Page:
and WG8197, the Milano collection items, Plaintiff, in a letter
to Dibsie, dated March 4, 1998, offered to send payment in the
form of a check to cover both those orders. Plaintiff also
requested confirmation as to when the Milano collection would be
ready for shipment as well as whether any problems were
anticipated with the St. Andrews and Tuscany collections, from
which the items contained in Purchase Order No. WG8180 were
ordered. In that letter, Dibsie was also advised that Plaintiff's
ability to fill customer orders depended on timely receipt of the
goods ordered from Rays Apparel, Inc. and that Plaintiff had
expended significant funds to promote the line.
Plaintiff maintains that Stark's brother, Bill Stark, called
her on March 4, 1998 and attempted to persuade her to convince
her customers to accept shipments for merchandise other than what
Plaintiff had ordered from the Milano collection. On March 5,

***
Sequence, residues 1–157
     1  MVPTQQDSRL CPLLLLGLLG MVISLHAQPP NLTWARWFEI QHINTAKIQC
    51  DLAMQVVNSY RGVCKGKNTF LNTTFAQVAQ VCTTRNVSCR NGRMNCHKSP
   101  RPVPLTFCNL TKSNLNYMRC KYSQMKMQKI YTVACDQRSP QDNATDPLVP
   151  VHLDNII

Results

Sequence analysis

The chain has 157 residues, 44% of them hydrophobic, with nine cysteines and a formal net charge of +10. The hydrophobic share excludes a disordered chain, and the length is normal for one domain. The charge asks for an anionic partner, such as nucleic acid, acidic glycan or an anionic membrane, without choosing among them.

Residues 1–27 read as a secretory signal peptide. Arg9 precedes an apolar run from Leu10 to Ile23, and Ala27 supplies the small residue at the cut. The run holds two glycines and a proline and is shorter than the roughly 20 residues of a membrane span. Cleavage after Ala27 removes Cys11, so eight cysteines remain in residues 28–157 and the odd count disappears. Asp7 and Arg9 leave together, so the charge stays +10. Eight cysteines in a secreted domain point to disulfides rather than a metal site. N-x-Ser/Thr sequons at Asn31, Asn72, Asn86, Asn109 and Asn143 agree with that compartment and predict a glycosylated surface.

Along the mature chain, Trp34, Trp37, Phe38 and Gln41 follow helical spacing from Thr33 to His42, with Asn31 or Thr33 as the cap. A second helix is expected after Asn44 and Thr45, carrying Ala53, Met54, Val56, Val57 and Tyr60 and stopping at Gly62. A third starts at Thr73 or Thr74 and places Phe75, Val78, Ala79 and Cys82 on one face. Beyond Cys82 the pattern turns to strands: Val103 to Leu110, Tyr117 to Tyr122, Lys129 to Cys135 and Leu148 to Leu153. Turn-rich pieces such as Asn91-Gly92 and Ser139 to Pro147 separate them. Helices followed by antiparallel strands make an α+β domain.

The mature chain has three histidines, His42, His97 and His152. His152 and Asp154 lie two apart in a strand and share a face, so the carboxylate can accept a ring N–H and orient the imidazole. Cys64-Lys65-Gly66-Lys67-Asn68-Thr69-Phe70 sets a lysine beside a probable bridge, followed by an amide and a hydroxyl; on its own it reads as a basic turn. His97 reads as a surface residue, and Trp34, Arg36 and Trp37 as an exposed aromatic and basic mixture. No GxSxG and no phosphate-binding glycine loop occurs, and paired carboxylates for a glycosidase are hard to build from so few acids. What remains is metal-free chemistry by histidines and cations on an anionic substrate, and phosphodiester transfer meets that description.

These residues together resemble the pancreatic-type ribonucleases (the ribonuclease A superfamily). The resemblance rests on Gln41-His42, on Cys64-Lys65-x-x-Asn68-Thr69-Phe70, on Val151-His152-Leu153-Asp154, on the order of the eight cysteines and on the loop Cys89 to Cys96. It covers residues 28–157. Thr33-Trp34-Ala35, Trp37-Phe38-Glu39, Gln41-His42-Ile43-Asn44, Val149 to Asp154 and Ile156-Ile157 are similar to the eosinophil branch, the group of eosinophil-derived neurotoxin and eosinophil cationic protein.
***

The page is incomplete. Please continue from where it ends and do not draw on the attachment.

1998, Bill Stark again telephone Plaintiff and advised her that
although the solid polo shirts that matched the green vests
Plaintiff had ordered were not available, Plaintiff should accept
the original number of green vests, i.e., 600 as Plaintiff had
originally, ordered as her customers "would figure out other ways
to put an outfit together." Complaint, ¶ 111. According to
Plaintiff, Bill Stark also stated that because the green vest had
been "special ordered," as they were manufactured without the
embroidered crest on the left chest, Plaintiff was required to
take all of them. Plaintiff responded that ...